A recent standard promulgated by the USB Board is the USB 2.0 standard. This type of cable can handle high-speed device transmission data rates as high as 480 Mbps. A typical round USB cable, conforming to the USB 2.0 includes double shielded twisted pairs of conductors wire as shown in Prior Art FIG. 1. As can be seen in Prior Art
A second type of data communications cable commonly available is one that complies with a set of standards promulgated by the Institute of Electrical and Electronic Engineers (IEEE). These are the IEEE 1394 and IEEE P1394 standards for data cables in common use today. The properties of this cable must be adapted both to carry information in accordance with the outlined specifications, as well as to comply with the adapter plugs that accompany IEEE 1394 outlets. IEEE 1394 cable is generally configured to have two power wires and four data conductors, all of which are insulated. The four data conductors are each comprised of a pair of twisted wires, typically 26 or 28 AWG. The other two wires constitute a power wire and a power ground wire, typically 24 AWG. The power wires are utilized to power the component connected to the cable. In some embodiments, the component has its own source of power and does not need a cable having power wires. In such an embodiment, a cable containing only four pairs of twisted wires may be used. The conductors and the power wires are bundled together much the same as is shown in Prior Art
There are some basic problems or drawbacks with each of these prior art cables. The first is that there is some manufacturing problems associated with control over impedance characteristics. The first is control of wall thickness for the insulating jackets encasing each of the wires in the twisted pair before they are twisted together. The second problem is controlling matched lengths of wires when they are being twisted, and the third is that twisted pairs, when flexed or bent, have a tendency to separate from each other. All of these issues affect impedance.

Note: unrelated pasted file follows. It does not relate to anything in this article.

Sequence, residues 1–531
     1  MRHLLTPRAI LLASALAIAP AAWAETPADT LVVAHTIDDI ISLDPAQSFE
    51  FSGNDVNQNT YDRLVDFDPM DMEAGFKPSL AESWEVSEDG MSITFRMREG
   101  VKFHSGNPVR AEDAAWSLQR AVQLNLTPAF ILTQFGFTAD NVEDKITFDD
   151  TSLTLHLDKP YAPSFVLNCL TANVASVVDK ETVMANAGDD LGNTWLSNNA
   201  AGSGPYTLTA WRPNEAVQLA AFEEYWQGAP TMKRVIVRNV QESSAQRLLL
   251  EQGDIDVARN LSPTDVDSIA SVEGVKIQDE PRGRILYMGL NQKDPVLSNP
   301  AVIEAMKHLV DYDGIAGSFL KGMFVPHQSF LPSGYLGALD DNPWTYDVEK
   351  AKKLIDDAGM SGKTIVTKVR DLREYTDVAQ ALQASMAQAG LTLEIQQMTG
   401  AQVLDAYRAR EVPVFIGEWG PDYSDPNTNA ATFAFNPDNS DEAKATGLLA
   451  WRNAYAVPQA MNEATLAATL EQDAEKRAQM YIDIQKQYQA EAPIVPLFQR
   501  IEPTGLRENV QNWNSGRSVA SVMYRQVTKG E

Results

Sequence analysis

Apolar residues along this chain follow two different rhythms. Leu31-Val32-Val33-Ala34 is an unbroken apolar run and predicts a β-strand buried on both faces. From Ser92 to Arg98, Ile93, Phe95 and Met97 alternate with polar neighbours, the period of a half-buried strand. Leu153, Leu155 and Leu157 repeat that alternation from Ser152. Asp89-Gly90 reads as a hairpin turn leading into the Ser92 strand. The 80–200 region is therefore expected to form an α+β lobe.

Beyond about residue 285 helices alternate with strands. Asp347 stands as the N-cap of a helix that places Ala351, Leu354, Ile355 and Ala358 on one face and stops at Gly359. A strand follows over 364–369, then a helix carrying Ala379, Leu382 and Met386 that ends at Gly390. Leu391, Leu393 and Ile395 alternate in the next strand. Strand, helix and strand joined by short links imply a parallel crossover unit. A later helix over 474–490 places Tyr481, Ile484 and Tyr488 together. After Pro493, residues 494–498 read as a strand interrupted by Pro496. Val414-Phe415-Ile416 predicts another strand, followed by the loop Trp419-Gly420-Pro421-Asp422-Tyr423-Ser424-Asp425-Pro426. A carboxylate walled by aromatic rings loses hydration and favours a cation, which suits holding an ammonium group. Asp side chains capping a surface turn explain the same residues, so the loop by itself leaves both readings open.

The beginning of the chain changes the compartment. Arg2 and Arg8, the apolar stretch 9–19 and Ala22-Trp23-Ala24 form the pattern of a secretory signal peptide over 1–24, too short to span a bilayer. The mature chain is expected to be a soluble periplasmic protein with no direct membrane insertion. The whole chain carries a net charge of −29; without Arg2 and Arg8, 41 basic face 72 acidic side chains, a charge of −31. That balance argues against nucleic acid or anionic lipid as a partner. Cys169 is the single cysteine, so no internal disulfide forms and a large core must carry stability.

Next, are the costs and time required in the manufacturing process for the additional step of fabricating the twisted pairs of conductor wires prior to fabrication of the cable. The second is the generally round, cross-sectional configuration of each of these cables. While the data transmission characteristics and transmission rates for cables manufactured to these specifications can, and are routinely met, round, sectional shaped cables have certain inherent limitations regarding their use. The primary limitation of the round cable is the fact that it is not amendable to being wound around a spool in a tight, compact configuration. A better configuration would be a shielded flat electric cable such as that is disclosed in the patent to King (U.S. Pat. No. 4,404,424), which issued Sep. 13, 1983. However, the problem with the cable disclosed in the King patent is that it still has the manufacturing drawbacks of the twisted pair configuration for the conductor wires.
An ideal cable would be a flat, shielded data transmission cable that meets all of the required data transmission specifications and rates, but which does not require the twisted pairs of conductor wires. In practice, it has been found that a four fold increase in production rates for data transmission cables can be achieved by co-extruding two conductor wires in parallel spaced relationship to each other, as opposed to individually coating each wire and twisting the two wires of each twisted pair together. This results in substantial manufacturing cost savings.